In December 2022, Congress passed the SECURE Act 2.0, which builds on retirement savings regulations set forth by the original SECURE Act of 2019. Written to expand coverage and increase retirement savings for millions of Americans, SECURE Act 2.0 introduces some major changes to retirement plans nationwide.
Since certain sections of SECURE Act 2.0 are already in effect—and even more will go into effect soon—retirement plan providers must act swiftly to ensure compliance. In this post, we offer an overview of Section 125, the part-time employees clause, then compare four methods for becoming compliant, and finally recommend a timeline for fulfilling your obligations.
SECURE stands for Setting Every Community Up for Retirement Enhancement. Now in its second iteration, SECURE Act 2.0 is designed to help employers provide easier and more affordable retirement plans for their employees.
While some Americans are finding ways to save, the nation’s collective fear of not having enough money to retire is valid: The average retirement savings in the United States is only $65,000.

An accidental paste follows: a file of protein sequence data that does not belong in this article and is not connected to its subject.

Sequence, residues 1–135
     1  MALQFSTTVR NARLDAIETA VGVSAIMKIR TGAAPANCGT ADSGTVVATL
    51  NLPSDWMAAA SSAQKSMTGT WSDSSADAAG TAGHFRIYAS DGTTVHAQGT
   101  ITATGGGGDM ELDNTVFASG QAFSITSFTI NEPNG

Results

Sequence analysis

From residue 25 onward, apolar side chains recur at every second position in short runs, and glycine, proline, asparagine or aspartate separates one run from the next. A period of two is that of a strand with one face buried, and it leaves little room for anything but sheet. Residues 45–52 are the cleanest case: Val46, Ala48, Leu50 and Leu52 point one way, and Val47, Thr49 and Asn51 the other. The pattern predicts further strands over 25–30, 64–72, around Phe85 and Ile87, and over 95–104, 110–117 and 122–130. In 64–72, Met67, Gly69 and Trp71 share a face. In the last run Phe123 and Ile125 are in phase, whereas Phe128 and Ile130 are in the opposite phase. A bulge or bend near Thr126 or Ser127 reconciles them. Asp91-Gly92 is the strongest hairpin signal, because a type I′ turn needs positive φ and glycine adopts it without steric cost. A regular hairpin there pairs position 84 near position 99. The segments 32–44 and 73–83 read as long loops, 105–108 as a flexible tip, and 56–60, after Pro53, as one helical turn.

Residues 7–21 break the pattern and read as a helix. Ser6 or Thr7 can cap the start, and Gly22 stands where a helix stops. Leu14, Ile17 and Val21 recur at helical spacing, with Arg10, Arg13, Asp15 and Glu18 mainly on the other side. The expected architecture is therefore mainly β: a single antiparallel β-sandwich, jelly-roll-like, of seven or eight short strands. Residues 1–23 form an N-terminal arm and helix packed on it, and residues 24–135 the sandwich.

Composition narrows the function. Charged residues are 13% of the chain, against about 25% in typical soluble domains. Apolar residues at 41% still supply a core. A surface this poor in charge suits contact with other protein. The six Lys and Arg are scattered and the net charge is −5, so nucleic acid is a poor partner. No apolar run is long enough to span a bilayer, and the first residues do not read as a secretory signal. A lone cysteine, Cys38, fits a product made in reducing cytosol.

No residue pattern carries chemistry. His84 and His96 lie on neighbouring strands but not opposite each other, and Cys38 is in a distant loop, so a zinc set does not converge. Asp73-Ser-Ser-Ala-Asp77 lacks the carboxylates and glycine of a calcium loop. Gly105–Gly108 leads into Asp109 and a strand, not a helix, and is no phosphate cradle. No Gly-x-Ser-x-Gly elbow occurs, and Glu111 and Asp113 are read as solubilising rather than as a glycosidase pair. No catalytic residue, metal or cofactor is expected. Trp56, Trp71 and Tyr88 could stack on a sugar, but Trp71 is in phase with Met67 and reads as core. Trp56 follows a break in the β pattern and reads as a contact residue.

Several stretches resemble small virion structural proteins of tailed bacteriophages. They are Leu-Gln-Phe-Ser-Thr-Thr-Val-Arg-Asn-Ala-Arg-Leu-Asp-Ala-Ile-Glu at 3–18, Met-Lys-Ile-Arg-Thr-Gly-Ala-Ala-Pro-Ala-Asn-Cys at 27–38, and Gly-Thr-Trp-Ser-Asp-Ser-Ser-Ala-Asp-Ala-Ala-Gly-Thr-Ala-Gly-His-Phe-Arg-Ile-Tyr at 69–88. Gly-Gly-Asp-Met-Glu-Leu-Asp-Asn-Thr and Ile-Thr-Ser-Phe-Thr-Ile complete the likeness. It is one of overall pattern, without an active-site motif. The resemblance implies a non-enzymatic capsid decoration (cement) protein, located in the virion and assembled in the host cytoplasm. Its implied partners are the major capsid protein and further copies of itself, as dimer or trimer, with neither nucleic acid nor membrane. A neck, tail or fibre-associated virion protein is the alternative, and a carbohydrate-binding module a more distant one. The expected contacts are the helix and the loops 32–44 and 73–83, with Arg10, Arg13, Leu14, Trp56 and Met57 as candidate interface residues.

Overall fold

To address this concern and unburden the American worker, SECURE 2.0 is creating more accessible opportunities to save for retirement.
Signed into law in 2019, the SECURE Act mandates that employers allow long-term, part-time employees to participate in their 401(k) plans. The original legislation dictates that employees must have worked at least 1,000 hours in their first year or accumulated a minimum of 500 hours of service over three consecutive years.
SECURE Act 2.0, which passed in 2022, reduces the three-year rule to two years. It also stipulates that long-term, part-time employees must also be allowed to participate in 403(b) plans that are subject to ERISA.
The new provisions under Section 125 are effective for any plan starting after December 31, 2024, which means that 401(k) and 403(b) providers must soon put in place and test the technology they will need to automatically enroll long-term, part-time workers.
Failure to do so correctly and on time could result in stiff fines as well as the legal fees associated with disputing any penalties in court.
If you’re among the retirement plan providers affected by Section 125, your first step to preparing is to understand the legislation inside and out. Once you are confident that you know what is required of you, you need to determine how you are going to identify part-time employees, track how many hours they’ve worked, over what period, and auto-enroll those who qualify, as stipulated by Section 101.
By nature, this provision necessitates the regular sharing of large volumes of data between you and the employers who sponsor your plans, including sensitive personal identifiable information (PII) and payroll details for every participant. To transfer this data, which is largely stored in employers’ payroll systems and human resources information systems (HRIS), you can implement one of four approaches—some more seamless and effective than others: